Facts and Fictions about Hearing Loss

Facts and Fictions about Hearing Loss

In Hearing Health, Hearing Loss, News, Research, Resource by Paula Castanon

Paula Castanon

Paula Castanon has helped people hear better for 25 years. She began her career teaching and then working in the field. She wants to bring exciting technology to those who want to hear better. She and her husband Richard G Castanon MD, an otolaryngologist, founded All Ear Doctors in Huntington Beach in 1994.
Paula Castanon

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There are many hazardous myths attributed to hearing loss. What we need to know, as opposed to what truly is, has created a divide that is detrimental to our health. The following are five myths debunked for your information and education in the health of your hearing.

Myth #1 – Only older people suffer from hearing loss

Truth: Hearing loss occurs as we age and it is affected by our life practices, environmental factors, genetics, and social activities. In fact, 40% of the population, under the age of 60 is now becoming the fastest growing segment that is affected by hearing loss. The World Health Organization (WHO) cites: “1.1 billion young people (aged between 12–35 years) are at risk of hearing loss due to exposure to noise in recreational settings.” The previous stereotypes of hearing afflicted people have now shifted to a younger age range as the world becomes a noisier place.

Myth #2 – Hearing loss is not a major health concern

Truth: It is estimated that by 2050 almost a billion people worldwide will suffer from detrimental hearing loss. In the US, hearing loss is more prevalent than diabetes, cancer or vision impairment.  According to the National Institute on Deafness and Other Communicative Diseases (NICDC), “One in eight people in the United States (13 percent, or 30 million) aged 12 years or older has hearing loss in both ears, based on standard hearing examinations.”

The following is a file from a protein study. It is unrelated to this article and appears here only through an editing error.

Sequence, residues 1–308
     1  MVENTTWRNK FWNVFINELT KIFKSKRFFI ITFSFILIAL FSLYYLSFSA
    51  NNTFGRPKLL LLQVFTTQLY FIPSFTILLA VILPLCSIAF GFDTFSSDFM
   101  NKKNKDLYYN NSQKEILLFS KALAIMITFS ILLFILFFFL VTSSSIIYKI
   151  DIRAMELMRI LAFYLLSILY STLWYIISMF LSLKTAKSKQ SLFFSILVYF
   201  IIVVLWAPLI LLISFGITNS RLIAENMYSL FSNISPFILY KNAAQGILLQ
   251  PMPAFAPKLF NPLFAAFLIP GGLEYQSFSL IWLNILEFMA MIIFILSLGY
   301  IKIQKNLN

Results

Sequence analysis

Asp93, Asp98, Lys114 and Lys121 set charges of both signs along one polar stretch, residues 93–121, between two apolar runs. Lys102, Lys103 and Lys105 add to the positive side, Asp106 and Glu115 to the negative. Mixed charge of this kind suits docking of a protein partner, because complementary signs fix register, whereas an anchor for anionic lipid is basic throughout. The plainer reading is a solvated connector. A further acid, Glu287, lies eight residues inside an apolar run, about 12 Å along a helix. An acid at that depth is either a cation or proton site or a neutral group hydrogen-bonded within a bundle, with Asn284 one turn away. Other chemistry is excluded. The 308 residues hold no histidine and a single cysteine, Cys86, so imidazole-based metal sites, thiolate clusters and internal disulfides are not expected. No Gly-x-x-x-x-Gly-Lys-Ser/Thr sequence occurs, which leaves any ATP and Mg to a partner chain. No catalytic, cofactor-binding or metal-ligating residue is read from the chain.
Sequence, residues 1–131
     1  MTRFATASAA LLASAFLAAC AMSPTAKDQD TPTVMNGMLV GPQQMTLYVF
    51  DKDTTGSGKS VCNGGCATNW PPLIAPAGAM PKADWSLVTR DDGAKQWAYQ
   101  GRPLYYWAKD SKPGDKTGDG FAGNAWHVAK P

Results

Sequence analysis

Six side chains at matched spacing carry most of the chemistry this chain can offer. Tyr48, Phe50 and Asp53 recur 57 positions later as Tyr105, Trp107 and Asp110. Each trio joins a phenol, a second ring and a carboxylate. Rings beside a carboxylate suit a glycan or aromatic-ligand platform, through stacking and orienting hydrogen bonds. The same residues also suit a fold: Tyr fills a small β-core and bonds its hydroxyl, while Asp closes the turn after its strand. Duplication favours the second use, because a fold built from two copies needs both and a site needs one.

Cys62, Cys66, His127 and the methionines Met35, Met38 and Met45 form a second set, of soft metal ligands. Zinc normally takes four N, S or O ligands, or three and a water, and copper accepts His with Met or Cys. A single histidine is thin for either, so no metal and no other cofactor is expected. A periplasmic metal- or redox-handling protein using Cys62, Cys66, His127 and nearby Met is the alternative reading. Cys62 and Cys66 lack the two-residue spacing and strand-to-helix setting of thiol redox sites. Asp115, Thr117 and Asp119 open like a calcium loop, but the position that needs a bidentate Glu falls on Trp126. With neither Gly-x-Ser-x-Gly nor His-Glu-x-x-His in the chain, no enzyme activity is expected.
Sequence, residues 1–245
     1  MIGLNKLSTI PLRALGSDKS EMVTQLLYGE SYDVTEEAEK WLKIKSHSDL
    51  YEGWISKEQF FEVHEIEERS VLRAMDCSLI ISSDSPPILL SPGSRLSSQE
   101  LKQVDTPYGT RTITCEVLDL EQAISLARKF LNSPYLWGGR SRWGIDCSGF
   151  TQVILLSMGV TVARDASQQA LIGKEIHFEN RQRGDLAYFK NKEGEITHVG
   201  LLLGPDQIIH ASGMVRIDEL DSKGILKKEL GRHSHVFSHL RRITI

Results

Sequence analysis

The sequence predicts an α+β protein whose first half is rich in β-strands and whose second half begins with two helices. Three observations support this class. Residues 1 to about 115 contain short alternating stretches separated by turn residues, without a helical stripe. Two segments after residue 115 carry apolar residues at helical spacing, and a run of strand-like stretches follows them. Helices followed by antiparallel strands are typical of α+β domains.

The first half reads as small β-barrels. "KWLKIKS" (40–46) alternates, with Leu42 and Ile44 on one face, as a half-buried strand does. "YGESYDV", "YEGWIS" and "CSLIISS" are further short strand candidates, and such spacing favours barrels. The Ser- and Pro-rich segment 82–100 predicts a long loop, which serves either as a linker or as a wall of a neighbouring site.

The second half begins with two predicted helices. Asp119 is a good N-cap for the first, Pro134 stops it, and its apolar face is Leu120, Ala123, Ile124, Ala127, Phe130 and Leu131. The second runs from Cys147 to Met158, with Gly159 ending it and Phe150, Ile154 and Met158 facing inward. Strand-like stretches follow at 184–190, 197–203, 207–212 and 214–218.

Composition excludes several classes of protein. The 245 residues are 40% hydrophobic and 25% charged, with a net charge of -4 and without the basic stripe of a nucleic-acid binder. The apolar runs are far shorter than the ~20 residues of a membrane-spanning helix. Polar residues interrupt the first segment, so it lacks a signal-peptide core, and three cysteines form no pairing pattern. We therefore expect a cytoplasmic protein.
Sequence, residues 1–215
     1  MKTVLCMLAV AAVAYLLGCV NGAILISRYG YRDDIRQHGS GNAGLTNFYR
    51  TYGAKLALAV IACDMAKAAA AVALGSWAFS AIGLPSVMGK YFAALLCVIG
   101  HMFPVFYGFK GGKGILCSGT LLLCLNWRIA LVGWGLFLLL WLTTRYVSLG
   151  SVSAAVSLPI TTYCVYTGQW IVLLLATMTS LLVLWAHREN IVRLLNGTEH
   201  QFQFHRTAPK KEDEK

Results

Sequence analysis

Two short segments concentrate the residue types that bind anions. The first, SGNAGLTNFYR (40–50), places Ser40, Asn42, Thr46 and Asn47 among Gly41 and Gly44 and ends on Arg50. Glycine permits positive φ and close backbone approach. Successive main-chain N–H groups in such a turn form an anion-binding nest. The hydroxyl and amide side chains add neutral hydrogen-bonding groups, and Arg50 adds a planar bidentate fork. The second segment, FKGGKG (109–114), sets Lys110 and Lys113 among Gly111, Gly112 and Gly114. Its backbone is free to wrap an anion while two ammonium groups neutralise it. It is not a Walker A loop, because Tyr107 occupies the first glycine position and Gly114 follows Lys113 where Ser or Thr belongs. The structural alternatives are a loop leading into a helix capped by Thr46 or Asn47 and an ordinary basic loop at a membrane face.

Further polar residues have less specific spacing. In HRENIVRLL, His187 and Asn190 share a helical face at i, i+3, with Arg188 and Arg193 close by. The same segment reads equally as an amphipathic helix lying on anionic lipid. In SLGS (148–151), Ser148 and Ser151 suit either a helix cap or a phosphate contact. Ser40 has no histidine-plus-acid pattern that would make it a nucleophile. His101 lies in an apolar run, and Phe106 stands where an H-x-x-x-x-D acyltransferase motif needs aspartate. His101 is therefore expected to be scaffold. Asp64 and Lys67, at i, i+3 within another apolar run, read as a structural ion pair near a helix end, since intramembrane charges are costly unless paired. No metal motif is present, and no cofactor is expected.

The danger also lies not only in a lack of public awareness but also the invisible nature of the condition. An estimate by the WHO is a $750 billion loss annually due to the effects of neglected hearing loss.

Myth #3 – Hearing aids are a last resort

Truth: If you are suffering from symptoms of hearing loss and leave them untreated your condition will worsen incurring permanent damage. The brain needs to relearn sound if the natural hearing process is corrupted. Having your hearing loss diagnosed early is the most effective way for hearing aids to help your brain to continue to register and interpret sound naturally.

Hearing aids increase the awareness of sounds and their sources, but it doesn’t restore damaged hearing to its normal state. It is with practice, proper fitting, and fine-tuning that the user must undergo to attain a fuller hearing experience sooner rather than later. Their efficacy is also dependent upon the degree of hearing degradation the user has. The longer hearing loss is ignored the worse the permanent damage is so it is up to you to get tested and be able to use hearing aids to maintain your hearing health.

Myth #4 – Just speak loudly to people with hearing loss

Truth: If you have ridden public transport or attended an outdoor event with damaged public sound systems then you are aware that amplified sound doesn’t mean sound clarity. If we view our ears are our body’s microphones, then it follows that if the sound is distorted the louder the sound the louder the distortion. Speaking louder can help if you also slow down your speech, face the person you are talking to and rephrase what you are saying.

As the technology for hearing aids progress, it clarifies the sounds we receive and to eliminate background noise so the user can experience a more natural hearing experience. Right now, people that use hearing aids still have to work with distinguishing and clarifying the important sounds as they occur each and every time.

Myth #5 – Hearing loss is just not that big a deal

Truth: It is only when the effects of hearing loss start to lessen the quality of our relationships and lower the productivity of our professional lives that we seem to notice. We need to understand that our hearing health impacts our social interactions, communication, and income. Living with hearing loss is linked to greater social isolation due to the fatigue from straining to hear. Isolation leaves us open to depression and demise in our mental health. It is also an established link by the medical community to lower income levels and a decline in work productivity. Some of the physical conditions that can be created by hearing loss are dizziness, a constant ringing in the ear and a loss of balance.

All Ear Doctors

Are you experiencing changes in your hearing? Has it been awhile since your last hearing test? At All Ear Doctors, we provide comprehensive hearing health services, from tests to fittings. Contact us today to schedule an appointment.